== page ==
Will the 'Slow' Candidate Win the Big Race?
By Howard Kurtz, Washington Post,
Thursday , October 26, 2000 ; Page C01
The gloves are really off now.
Faced with the very real possibility that George W. Bush could win the
White House in 12 days, some left-leaning journalists are flat-out
calling him dumb--and blaming the press for not persuading the country
of his utter unsuitability.
The question of Bush's IQ has been a campaign subtext ever since he
flunked a Boston TV reporter's quiz on foreign leaders. But now, with
the election on the line, some of Bush's critics have come out of the
closet to advertise their disdain.
Slate Editor Michael Kinsley writes that "journalists' reluctance
to call someone who may well be our next commander in chief a moron is
understandable. But if George W. Bush isn't a moron, he is a man of
impressive intellectual dishonesty and/or confusion."
Author Todd Gitlin says in Salon that "Bush gives ample evidence
that he does not reason. . . . Bush has gotten a pass on most of his
slipshod ways," while journalists are "embarrassed to point
fingers at a nonentity who is within two weeks of the presidency."
In the International Herald Tribune, former assistant editor Hope
Keller declares: "Most American political commentators today are
so timid, so mealymouthed, so committed to a distorted ethic of
fairness that they are unable to state the obvious about George
W. Bush: that he is unfit to be president."
Come on, tell us what you really think.
Rich Lowry, editor of the conservative National Review, sees "a
little whiff of desperation" in such accusations. "A lot of
liberal journalists don't want to admit that there have been issues
that have worked for Bush," he says, citing education, health care
and tax cuts. "You get a sense of, why is Gore blowing it?"
Not everyone believes Bush's lack of policy wonkiness is a
liability. Robert Bartley, the Wall Street Journal's editorial page
editor, writes that Bush "has no intellectual pretensions; he's
not even afraid to say he'd consult his advisers."
But Bush's critics are almost apoplectic. Gitlin, a New York
University professor who calls Bush an "airhead," sees a
"collective abdication" by the press. "There's a
bending-over-backward phenomenon because a lot of reporters lean
Democratic," he says. "They are in a state of recoil against
the charge of 'liberal media.' It's obvious that this is a lightweight
who's been given a pass his whole life."
Kinsley, whose column appears in The Washington Post, has a different
take. "It's sort of a political correctness thing: You don't call
people stupid," he says. "And it's partially a populist thing:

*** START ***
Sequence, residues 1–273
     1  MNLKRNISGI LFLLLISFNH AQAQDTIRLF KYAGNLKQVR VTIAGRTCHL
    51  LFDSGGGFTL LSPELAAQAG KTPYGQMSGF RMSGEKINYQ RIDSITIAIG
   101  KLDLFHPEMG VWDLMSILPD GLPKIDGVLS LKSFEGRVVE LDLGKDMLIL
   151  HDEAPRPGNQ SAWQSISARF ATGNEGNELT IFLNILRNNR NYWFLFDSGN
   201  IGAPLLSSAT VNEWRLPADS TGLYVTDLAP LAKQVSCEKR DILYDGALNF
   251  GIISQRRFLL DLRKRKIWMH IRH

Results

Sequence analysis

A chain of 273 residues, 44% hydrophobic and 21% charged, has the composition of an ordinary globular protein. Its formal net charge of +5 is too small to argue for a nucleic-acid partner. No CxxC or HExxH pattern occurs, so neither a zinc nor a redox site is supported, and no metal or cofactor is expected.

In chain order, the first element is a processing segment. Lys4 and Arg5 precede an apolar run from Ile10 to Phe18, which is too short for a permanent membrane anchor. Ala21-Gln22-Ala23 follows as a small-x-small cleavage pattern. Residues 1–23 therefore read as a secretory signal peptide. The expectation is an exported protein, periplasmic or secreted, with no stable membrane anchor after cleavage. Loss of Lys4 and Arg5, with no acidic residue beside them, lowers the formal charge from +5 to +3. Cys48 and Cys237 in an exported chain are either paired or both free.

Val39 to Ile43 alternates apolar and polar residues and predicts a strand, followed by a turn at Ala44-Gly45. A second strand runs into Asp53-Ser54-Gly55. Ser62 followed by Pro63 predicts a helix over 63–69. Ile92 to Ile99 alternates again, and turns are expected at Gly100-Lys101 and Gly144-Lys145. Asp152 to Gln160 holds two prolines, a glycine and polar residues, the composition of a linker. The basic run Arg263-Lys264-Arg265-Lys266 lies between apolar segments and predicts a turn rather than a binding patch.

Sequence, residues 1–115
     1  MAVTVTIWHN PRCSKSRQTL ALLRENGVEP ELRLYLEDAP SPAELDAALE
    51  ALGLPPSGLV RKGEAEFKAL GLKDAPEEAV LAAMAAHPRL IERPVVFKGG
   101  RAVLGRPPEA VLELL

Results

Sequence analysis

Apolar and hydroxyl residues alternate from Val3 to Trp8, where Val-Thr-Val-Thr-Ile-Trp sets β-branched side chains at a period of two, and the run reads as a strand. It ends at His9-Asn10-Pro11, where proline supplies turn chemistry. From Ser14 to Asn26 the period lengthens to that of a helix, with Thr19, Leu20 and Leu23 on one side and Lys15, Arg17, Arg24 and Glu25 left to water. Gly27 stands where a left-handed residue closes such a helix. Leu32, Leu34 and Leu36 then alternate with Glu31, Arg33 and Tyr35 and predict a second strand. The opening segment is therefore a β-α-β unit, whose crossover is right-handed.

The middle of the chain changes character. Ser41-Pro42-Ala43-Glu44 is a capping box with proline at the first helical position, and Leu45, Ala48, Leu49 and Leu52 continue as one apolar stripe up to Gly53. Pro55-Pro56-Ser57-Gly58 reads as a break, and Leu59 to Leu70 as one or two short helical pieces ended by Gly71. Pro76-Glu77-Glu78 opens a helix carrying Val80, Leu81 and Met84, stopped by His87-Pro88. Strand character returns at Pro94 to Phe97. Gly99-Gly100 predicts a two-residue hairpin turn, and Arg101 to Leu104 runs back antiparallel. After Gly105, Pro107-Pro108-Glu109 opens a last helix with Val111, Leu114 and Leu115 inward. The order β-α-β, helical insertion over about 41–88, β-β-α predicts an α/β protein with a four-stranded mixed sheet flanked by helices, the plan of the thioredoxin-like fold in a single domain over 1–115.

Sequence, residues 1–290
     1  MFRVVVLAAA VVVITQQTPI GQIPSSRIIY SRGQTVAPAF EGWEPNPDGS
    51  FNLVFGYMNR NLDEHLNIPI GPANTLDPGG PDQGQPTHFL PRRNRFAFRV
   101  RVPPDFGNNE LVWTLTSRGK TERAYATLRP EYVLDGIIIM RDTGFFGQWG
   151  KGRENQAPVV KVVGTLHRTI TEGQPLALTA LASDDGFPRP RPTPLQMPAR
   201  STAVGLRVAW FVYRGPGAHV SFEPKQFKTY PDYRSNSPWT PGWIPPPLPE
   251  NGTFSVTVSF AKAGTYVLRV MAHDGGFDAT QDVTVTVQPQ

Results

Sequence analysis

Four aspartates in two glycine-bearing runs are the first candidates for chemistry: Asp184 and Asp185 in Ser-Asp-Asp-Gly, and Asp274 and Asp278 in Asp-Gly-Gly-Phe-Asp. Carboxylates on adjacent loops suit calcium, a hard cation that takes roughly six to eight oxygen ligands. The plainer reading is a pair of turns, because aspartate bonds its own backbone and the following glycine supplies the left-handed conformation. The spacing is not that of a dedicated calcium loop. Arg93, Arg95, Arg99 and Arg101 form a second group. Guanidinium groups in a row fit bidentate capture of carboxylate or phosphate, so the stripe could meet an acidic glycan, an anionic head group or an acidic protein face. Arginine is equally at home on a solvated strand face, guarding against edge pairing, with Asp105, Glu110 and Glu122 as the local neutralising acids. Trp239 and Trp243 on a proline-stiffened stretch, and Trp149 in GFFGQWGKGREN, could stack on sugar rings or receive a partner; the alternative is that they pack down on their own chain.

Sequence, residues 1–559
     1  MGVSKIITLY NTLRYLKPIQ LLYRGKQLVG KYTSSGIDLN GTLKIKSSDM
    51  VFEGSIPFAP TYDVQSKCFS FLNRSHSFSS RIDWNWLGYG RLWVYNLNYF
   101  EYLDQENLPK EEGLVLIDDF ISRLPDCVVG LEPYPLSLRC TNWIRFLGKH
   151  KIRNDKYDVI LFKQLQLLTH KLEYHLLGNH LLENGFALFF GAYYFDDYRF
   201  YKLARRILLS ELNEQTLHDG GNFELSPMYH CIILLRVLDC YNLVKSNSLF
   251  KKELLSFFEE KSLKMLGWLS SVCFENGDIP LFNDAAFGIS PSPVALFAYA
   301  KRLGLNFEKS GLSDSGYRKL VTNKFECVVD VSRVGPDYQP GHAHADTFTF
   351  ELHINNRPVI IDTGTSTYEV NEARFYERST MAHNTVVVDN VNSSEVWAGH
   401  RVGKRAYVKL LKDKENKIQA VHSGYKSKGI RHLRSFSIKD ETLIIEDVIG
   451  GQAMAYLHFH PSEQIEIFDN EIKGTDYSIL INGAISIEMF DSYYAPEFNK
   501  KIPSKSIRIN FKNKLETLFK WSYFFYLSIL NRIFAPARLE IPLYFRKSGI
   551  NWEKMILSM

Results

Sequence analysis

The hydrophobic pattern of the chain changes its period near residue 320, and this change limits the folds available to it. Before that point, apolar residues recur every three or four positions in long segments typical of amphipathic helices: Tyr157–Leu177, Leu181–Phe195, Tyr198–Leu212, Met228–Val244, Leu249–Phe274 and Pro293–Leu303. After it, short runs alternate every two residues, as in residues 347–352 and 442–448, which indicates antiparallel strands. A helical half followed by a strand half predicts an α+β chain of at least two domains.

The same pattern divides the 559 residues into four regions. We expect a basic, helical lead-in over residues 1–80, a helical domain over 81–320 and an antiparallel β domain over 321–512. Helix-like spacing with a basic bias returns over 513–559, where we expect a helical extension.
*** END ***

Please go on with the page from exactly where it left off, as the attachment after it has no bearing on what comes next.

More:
You don't want to seem like an intellectual snob. It fits into the
whole stereotype of liberal egghead journalists being biased against
Another reason for journalistic hesitation, he says, is Ronald
Reagan. "Reagan is considered to have been a successful
president--not by me, but by most people--despite not being
razor-sharp," Kinsley says. "It's not a fatal disability for a
president. But I'm not afraid to say I'd prefer a smarter person to a
Neither, apparently, is Richard Press, who writes in a New York Times
"Op-Art" feature on Bush: "I'm worried that he's barely
able to string a sentence together unless he's been heavily
coached. . . . I'm worried that the so-called liberal media don't seem
to think any of this is a big deal."
Even commentators who also criticize Vice President Gore have focused
on Bush's candlepower, or lack thereof. New York Times columnist
Maureen Dowd: "Al may lose to a Bush who doesn't know a lot and
concedes that his serious life began only at 40." New Yorker
Editor David Remnick calls Bush "an incurious governor who
disdains the federal government he hopes so desperately to lead."
Boston Globe columnist Tom Oliphant writes: "It is hard to believe
the country is poised to make the same huge mistake it made 20 years
ago. But it is."
These refrains come as Gore's campaign is dispatching high-profile
surrogates and staffers to disparage Bush's intellect. "I seemed
to notice a large number of senators and congressmen saying, 'Jeez,
what an idiot,' " Oliphant says.
But Oliphant says he was slamming Bush's fiscal policies, not his
smarts, in his column. "I don't doubt his capacity at all," he
says. "I've always considered him a fairly impressive
The New Republic, owned by Gore confident Martin Peretz, doesn't quite
share that view. "Doesn't a man who asks for public power and
public trust have a moral obligation to be intelligent about public
issues?" the magazine says in endorsing Gore. "In Texas, after
all, Bush's lack of understanding of, or engagement with, the
substance of government has had unmistakable moral effects."
Is the IQ issue resurfacing now because of a sudden realization that
Bush may beat Gore? Peretz says his friends in the media and elsewhere
"weren't in denial about the possibility he might win. They were
in denial about what the consequences would be."
But as analysts question why Gore, buoyed by a great economy, has been
unable to put away the race, emotions toward Bush are clearly
heightened. "I get a sense there's resentment building: How can
this guy be president, and besides, he stole our issues," says
David Corn, Washington bureau chief of the liberal Nation
magazine. "They can't believe the American public would elect
George W. Bush, either because he's deficient on intelligence or
doesn't have the right kind of experience."
Of course journalists may be wary of pushing this issue too
far. "What if somebody started raising questions about our
capacity?" Oliphant says. "I wouldn't want to have to defend
2000 The Washington Post